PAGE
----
May 2018

DramaWatch Weekly: home run

Gabriel, blow your horn! Portland’s theater makers are a supportive lot, so it was no surprise that several prominent actors were in the audience at Portland Playhouse on the night last week that I went to see the current production of Fences.

MusicWatch Weekly: choral collaborations

Normally many of us have to wait till August’s William Byrd Festival to hear the fine Portland choir Cantores in Ecclesia in a public concert. But on Sunday afternoon at the beautiful Mount Angel Abbey outside Silverton, you can hear them sing

Last Party at the Kit Kat Club

“The party is over.” Those words burst out of a character’s mouth near the end of Fuse Theatre Ensemble’s new production of Cabaret, striking an ironic chord. What, you may ask, is Cabaret if not a party? Isn’t it all about cheery

Portland Symphonic Choir review: new heights

by BRUCE BROWNE A choir will rise to the occasion of a guest director, and new literature. But soar to new heights? Portland Symphonic Choir’s third candidate for permanent music director, Richard Sparks, brought something extra, something ethereal, to the confines of

A revolution on the stage

Alice Birch’s play Revolt. She said. Revolt again. is impossibly difficult to put into words. And that’s sort of the point. Because words are inadequate to describe, let alone remedy, all of the injustices women face. At least the words we have

Festivals, awards, a college dies

It’s not quite summer, but it’s festival season – and Wilsonville, just a short skip south of Portland on the freeway, is leading the charge. Coming up Saturday and Sunday, June 2-3, is this year’s Wilsonville Festival of Arts, which will spread

Emblems Wind Quintet preview: fresh breezes

By GARY FERRINGTON When the Emblems Wind Quintet lands in Eugene for a performance at the University of Oregon School of Music and Dance on June 3, it will be a homecoming for two of its members. Bassoonist Brandon Scott Rumsey and clarinetist

Spotlight on: Eisele & Stone

Emily Eisele and Blake Stone are making their move. When you meet these bright and talented young actors the energy coming off them is palpable: youth, excitement, the new epiphany of their own creative power. Together, they comprise the entire cast of

A punch to the civic jaw

Rich Rubin’s Portland boxing drama Left Hook, set in the 1970s era of urban renewal when the city’s vibrant Albina black neighborhood was largely clear-cut for a hospital development that never occurred, had its world premiere Thursday at the Interstate Firehouse Cultural

The Great White SquarePants

NEW YORK – Staged with nonstop brio by Tina Landau, and adorned with a phantasmagorical set and Technicolor costumes, deliriously energetic performers and a peppy but largely forgettable pop music score by hitmakers ranging from Aerosmith to John Legend to Lady Antebellum,

ArtsWatch Weekly: flood & mosaic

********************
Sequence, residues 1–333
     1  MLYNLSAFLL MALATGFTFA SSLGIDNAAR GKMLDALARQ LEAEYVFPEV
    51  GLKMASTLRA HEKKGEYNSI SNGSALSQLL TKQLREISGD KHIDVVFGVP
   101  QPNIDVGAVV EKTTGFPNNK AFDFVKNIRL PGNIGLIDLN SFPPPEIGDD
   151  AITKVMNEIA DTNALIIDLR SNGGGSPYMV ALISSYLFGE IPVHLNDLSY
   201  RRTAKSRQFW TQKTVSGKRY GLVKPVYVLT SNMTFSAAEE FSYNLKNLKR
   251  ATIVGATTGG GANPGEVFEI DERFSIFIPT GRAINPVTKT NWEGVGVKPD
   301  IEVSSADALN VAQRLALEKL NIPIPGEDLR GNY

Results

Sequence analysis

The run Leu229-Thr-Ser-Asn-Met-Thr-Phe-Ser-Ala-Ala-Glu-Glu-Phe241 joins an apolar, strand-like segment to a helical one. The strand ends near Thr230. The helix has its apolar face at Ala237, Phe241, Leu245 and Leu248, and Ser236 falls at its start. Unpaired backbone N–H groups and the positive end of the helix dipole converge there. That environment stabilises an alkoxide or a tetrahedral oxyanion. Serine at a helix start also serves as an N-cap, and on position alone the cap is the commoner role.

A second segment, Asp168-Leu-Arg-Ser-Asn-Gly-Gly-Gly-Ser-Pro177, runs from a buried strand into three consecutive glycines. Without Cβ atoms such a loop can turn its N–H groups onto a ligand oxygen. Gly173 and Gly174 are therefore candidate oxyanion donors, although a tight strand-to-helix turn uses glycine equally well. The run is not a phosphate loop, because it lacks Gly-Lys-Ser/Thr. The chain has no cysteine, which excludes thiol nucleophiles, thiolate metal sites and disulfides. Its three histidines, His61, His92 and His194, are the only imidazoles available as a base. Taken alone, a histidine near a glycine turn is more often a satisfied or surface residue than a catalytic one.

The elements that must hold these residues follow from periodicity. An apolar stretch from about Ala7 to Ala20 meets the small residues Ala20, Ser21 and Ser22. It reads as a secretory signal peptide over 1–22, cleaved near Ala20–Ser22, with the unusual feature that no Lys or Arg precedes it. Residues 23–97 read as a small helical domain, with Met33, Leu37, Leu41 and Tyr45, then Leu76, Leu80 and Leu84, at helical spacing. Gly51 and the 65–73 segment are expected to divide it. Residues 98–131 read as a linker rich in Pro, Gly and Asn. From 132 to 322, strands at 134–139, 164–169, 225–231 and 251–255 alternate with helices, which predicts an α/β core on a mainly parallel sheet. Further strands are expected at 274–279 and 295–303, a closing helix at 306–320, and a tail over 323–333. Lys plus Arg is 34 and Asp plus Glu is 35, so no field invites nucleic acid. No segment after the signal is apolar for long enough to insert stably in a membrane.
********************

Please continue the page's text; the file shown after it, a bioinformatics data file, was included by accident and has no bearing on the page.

SEVENTY YEARS AGO ON MAY 30 FLOODWATERS SWEPT IN from the Columbia River and burst through a 200-foot section of dike just north of Portland, inundating the city of Vanport, killing 15 people and wiping the city off the face of the Earth. Vanport was Oregon’s

‘Rituals’ review: ambient tension

by TRISTAN BLISS “Listen closely to the cycles of your breath as you sink deeper into a universe of sound.” As that promotional quote for its May 19 show Rituals at Portland’s N.E.W Expressive Works indicates, Sound of Late invited us to

Oregon Ballet Theatre: Come ‘Closer’

When they named it “Closer,” they weren’t kidding. The Oregon Ballet Theatre show title is a play on words: “Closer,” now running through June 3, closes the 2017-2018 season. And as danced in the intimate confines of BodyVox’s studio, it offers a

DramaWatch Weekly: Left Hook

“Let me tell you somethin’, boy. You never know what’s comin’ … and the sooner you learn that, the better off you be!” * A few years ago, when playwright Rich Rubin approached Damaris Webb about directing some of his work, she chose

MusicWatch Weekly: from Maxville to Vanport to here and now

“The struggle of man against power is the struggle of memory against forgetting” ― Milan Kundera, The Book of Laughter and Forgetting So much of what ails America and Oregon has roots in our history. So much could be prevented or at least

DanceWatch Weekly: Helen Simoneau and “Closer”

This week Oregon Ballet Theatre closes out its 2017-2018 season with “Closer,” an intimate showing at BodyVox Dance Center of new works choreographed by OBT rehearsal director Lisa Kipp, OBT company dancers Katherine Monogue, Makino Hayashi, and Peter Franc, alongside Helen Simoneau’s

‘Outset’ and ‘Confluence’ series: improvisation institutions

Story and photos by PATRICK McCULLEY Coffee shop/vintage clothing/used record store by day, and bar and music venue by night, Northeast Portland’s Turn Turn Turn has become a host, laboratory, and hub for the city’s small but thriving improvised and non-traditional music

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